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The Role of Stress in Anxiety

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July 18, 2019 | Published by


For many people, stress and anxiety are recurring issues that come on after certain life events, but then go away. Common triggers are life changes such as getting married, having a child, moving, starting a new job or school, or becoming injured or being ill. For many people, the anxiety fades way once the stressful event is over.

But when stress is left unmanaged, it can become chronic and lead to excessive anxiety. (1) Additionally, substances like caffeine, drugs, and alcohol can add stress and make anxiety worse. Even drugs such as asthma inhalers, thyroid medicine, and diet pills can worsen the effects of stress and anxiety. (2)

 Symptoms of anxiety

Severe, ongoing anxiety that interferes with daily activities is often referred to as generalized anxiety disorder. Individuals with this disorder experience excessive anxiety or worry on a near daily basis for at least 6 months.

The source of anxiety can be a number of stressors including personal health, work, social interactions, and everyday routine life circumstances. Symptoms of anxiety disorder include:

  • Feeling wound-up, restless, or on-edge
  • Struggling to control feelings of worry
  • Becoming easily fatigued
  • Suffering from sleep issues, such as difficulty falling or staying asleep, restlessness, or unsatisfying sleep
  • Suffering from brain fog
  • Being irritable

In addition to psychological symptoms, anxiety can also affect the way you feel physically. (4) Physical symptoms of anxiety include:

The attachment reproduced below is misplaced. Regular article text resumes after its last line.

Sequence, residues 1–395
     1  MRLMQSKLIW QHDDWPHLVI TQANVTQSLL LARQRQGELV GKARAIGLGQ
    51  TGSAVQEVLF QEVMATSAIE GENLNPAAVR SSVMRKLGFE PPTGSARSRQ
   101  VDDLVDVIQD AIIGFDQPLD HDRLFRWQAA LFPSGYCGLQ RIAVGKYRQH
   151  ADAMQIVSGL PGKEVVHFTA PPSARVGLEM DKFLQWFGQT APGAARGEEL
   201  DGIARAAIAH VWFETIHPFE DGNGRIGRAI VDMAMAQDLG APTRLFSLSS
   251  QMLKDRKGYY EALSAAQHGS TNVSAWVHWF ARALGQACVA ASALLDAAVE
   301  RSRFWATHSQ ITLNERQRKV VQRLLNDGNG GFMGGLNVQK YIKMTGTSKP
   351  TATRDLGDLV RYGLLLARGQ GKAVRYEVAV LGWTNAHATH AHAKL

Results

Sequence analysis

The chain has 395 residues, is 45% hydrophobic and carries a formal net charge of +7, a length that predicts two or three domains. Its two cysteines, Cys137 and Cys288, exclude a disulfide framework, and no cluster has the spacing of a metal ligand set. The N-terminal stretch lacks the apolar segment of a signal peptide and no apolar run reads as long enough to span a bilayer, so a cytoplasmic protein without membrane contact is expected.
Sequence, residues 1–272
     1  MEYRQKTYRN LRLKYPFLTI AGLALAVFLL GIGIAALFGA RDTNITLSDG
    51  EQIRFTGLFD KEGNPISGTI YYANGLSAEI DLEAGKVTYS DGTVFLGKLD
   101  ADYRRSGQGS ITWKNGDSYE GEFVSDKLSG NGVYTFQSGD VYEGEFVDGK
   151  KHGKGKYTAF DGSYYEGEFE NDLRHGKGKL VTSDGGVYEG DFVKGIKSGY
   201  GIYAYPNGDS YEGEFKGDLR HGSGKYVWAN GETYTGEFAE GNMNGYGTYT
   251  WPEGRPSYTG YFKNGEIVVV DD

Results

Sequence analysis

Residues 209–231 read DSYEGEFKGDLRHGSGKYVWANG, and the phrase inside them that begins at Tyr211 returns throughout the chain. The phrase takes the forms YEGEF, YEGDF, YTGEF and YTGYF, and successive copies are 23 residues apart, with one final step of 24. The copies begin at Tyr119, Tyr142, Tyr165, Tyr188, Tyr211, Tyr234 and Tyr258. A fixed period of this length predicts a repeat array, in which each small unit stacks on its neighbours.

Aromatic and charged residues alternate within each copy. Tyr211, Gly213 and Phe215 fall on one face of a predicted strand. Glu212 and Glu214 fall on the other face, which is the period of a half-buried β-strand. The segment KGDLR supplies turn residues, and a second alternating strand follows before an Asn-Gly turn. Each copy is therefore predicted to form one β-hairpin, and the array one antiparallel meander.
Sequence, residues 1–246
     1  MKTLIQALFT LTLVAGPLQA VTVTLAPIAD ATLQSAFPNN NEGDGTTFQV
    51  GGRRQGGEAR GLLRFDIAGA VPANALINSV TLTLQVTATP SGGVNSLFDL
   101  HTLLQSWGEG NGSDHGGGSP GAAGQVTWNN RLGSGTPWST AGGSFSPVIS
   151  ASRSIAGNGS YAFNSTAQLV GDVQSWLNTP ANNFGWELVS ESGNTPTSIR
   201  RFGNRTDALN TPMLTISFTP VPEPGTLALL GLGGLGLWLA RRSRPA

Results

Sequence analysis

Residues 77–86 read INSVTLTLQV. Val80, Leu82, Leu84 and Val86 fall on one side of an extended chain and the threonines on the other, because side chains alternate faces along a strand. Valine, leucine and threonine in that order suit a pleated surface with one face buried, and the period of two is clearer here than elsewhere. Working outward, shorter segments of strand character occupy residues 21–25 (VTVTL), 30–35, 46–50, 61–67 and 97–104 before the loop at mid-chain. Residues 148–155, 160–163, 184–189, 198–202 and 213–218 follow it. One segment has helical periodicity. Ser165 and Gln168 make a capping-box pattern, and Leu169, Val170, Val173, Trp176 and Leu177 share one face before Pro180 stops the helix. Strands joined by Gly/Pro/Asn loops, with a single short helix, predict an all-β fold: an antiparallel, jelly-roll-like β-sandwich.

• Muscle tension
  • Sweating
  • Tremors
  • Headache
  • Rapid breathing
  • Chest pains
  • Elevated heartbeat
  • Stomachache

Causes of anxiety

Research shows that anxiety disorders may be caused by chemical imbalances in the body. Severe or long-lasting stress can change the balance of chemicals in the brain that are responsible for our moods. (5)

Studies also have shown that anxiety disorders are genetic, which means that they can be inherited from one or both parents. Additionally, certain environmental factors — such as a trauma or significant event — might trigger an anxiety disorder in people who have an inherited susceptibility to developing the disorder. (5)

Common stressors include:

  • Moving
  • Getting married
  • Starting a new school or job
  • Having a baby
  • Divorce or breakup of a relationship
  • Experiencing an illness or injury
  • Death of a family member or friend
  • Having a friend or family member who is ill or injured

Drugs that contain stimulants may make the symptoms of stress and anxiety worse. Regular use of caffeine, illicit drugs such as cocaine, and even alcohol can exacerbate anxiety. (6) It’s also possible for prescription medications such as asthma inhalers, diet pills, and thyroid medications to increase anxiety.

While experiencing excessive anxiety can take a real toll on your life, it can become manageable with the proper self-care. For tips on managing anxiety, read out blog (link) regarding stress and the mind.

References:

  1. Anxiety Disorders. Mayo Clinic. https://www.mayoclinic.org/diseases-conditions/anxiety/symptoms-causes/syc-20350961
  2. Stress and Anxiety. Healthline. https://www.healthline.com/health/stress-and-anxiety#causes
  3. Anxiety Disorders. National Institute of Mental Health. https://www.nimh.nih.gov/health/topics/anxiety-disorders/index.shtml
  4. Stress and Anxiety. Healthline. https://www.healthline.com/health/stress-and-anxiety
  5. Anxiety Disorders. Cleveland Clinic. https://my.clevelandclinic.org/health/diseases/9536-anxiety-disorders
  6. Causes of Anxiety. WebMD. https://www.webmd.com/anxiety-panic/guide/causes-anxiety

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